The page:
Managing a Flood of Data

Managing a Flood of Data

With increasing connectedness of devices and people, the data just keeps coming. What to do with all that data is becoming an increasing problem, or opportunity if you have the right mindset. In general there are three things that can be done with this flood of data:

  1. Discard it, or some of it (sampling)

  2. Parallelize the processing of it (e.g. MPP- massively parallel processing architectures)

  3. In-memory processing with massive HW resources

Any combination of the above might make sense depending on the intent of the project, the amount and kinds of data, and of course, your budget. I find it interesting that the traditional RDBMS still has legs with the movement to utilize in-memory processing which is made possible by continually falling memory prices, making this a “not crazy” alternative. Of course it gets back to what did you want to do with what kind and amount of data. For instance, a relational database for satellite data may not make sense, even if you could do it.

Here’s where the file system can become very interesting. It might be ironic that unstructured data must be organized to be able to analyze it, but I think of it as farming. You cultivate what you have to get what you want. Ideally, the file system will provide a structure for the analysis that will follow. There doesn’t seem to be a shortage of file systems out there, but because the flood of unstructured data is relatively recent, there might be even better file systems on the way.

There are a number of file structures available: local, remote, shared, distributed, parallel, high performance computing, network, object, archiving and security being some examples. The structure of these can be very different. For the flood of unstructured data, parallel file systems seem to offer a way to organize this data for analytics. In many cases the individual record is of little value, indeed the value in most unstructured datasteams is in aggregate. Users are commonly looking for trends or anomalies within a massive amount of data.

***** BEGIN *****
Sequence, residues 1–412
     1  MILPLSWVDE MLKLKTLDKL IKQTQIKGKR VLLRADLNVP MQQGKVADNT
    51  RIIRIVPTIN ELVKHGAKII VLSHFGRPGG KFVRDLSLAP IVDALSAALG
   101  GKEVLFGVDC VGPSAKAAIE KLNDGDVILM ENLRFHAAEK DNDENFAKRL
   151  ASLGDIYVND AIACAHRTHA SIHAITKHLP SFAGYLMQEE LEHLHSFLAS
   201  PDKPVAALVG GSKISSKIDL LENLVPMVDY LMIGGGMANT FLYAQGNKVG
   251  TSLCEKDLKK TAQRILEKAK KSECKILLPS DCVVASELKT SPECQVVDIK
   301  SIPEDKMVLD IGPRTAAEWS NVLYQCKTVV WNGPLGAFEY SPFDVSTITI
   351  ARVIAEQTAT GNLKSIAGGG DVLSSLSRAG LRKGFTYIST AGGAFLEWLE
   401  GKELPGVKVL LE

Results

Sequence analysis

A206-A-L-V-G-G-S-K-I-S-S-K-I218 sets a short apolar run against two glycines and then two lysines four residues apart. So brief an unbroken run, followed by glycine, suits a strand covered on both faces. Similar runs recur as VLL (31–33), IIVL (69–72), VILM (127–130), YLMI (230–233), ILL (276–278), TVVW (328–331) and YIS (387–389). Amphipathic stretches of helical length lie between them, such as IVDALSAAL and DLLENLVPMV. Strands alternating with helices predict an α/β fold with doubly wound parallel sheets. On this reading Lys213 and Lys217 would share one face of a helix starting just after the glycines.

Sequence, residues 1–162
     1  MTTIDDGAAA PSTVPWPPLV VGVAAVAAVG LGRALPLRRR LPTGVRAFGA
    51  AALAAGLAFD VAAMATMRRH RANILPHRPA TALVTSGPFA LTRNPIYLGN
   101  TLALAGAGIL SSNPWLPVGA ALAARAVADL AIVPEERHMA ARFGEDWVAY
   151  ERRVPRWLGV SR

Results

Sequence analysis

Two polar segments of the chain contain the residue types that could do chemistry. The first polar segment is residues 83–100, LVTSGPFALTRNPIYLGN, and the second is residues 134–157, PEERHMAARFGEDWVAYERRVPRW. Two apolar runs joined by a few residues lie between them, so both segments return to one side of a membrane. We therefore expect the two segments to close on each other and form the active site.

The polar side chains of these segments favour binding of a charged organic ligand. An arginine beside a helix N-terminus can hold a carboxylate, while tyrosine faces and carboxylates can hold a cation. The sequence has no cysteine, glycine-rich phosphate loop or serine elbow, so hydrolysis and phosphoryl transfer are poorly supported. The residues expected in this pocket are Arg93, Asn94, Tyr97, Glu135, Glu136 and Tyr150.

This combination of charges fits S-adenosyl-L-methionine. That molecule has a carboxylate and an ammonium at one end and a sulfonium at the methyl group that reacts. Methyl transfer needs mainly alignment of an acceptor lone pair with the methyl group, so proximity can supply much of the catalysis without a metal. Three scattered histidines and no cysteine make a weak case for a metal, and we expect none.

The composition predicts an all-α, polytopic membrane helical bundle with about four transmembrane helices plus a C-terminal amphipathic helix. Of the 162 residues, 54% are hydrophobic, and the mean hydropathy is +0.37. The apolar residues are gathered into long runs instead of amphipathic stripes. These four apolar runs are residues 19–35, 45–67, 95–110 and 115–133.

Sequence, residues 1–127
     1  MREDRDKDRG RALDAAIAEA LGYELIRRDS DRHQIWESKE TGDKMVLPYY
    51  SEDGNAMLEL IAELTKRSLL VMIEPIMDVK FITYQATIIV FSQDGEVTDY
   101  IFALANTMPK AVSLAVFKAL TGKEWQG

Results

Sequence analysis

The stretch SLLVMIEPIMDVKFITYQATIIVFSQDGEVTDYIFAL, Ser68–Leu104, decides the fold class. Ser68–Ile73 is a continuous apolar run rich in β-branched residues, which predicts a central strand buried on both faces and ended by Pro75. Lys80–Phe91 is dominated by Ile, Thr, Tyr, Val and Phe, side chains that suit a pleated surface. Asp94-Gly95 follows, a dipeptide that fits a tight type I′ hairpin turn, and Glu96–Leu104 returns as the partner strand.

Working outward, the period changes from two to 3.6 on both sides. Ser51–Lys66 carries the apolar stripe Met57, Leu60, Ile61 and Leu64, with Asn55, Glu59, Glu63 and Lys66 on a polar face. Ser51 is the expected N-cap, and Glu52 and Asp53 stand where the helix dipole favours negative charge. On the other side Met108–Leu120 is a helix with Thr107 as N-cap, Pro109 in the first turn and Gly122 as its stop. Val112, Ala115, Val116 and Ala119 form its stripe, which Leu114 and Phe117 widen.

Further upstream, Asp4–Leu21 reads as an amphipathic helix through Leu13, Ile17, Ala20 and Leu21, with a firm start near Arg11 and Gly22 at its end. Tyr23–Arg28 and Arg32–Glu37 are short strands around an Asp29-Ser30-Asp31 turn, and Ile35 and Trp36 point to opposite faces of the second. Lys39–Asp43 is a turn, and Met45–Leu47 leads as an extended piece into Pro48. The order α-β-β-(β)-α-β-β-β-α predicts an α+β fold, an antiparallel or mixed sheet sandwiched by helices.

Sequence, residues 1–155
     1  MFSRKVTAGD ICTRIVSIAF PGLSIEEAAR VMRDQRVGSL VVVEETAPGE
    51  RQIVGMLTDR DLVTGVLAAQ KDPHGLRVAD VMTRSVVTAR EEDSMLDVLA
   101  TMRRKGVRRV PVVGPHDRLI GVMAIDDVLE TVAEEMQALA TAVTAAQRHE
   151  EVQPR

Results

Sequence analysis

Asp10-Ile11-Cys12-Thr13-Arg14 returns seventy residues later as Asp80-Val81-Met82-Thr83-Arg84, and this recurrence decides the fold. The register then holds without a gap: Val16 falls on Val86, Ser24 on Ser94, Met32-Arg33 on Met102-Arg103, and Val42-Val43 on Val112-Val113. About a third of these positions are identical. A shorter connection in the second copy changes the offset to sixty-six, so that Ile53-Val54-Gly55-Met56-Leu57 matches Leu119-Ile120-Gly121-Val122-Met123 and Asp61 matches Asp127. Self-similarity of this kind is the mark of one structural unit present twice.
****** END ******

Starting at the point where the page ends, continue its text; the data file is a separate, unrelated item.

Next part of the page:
An application with massive amounts of new data would suggest that traditionally structured file systems for static data (like data warehouses) might not be able to grow as needed, since the warehouse typically takes a point-in-time view. Traditional unstructured static data like medical imaging might be appropriate based on the application, but most analytics can’t do much with images. Dynamic data has its own challenges. Unstructured dynamic data like CAD drawings or MS Office data (text, etc.) may lend themselves to a different file structure than dynamic structured data like CRM and ERP systems where you are looking for a specific answer from the data.

Dealing with massive amounts of new data may be a recipe for a non linear approach to keep up with the traffic. Parallel file systems started life in the scientific high performance computing (HPC) world. IBM created a parallel file system in the 1990’s called GPFS, but it was proprietary. The network file system (NFS) provided the ability to bring a distributed file system to the masses and share files more easily with a shared name space. Sun created NFS and made it available to everyone, and it was generally adopted and enhanced. There are some I/O bandwidth issues with NFS, which companies like Panasas and open systems oriented Lustre have tried to address. I/O bandwidth remains the primary reason to consider a parallel file system. If you have a flood of data, it’s probably still the best way to deal with it.

I expect to see more parallel and object file systems to provide improved tools over what is available today to better manage the massive data flooding into our data centers. Increasingly, the sampling approach will be diminished since the cost of storage continues to fall, and some of the most interesting data are outliers. The “long tail” analysis to find situations where the rules seem to change when events become extreme can be very valuable. This may require the analysis of all the data, since sampling may not give sufficient evidence to “long tail” events that occur infrequently.

In summary, managing the flood of data is a question of identifying what you want to get from the data. That combined with the nature of the data will guide you to an appropriate file system. In most cases a parallel file system will be the solution, but you have to know your application. The good news is as our sophistication grows, we will have more options to fine tune the systems we build to analyze the data we have to get the results we want.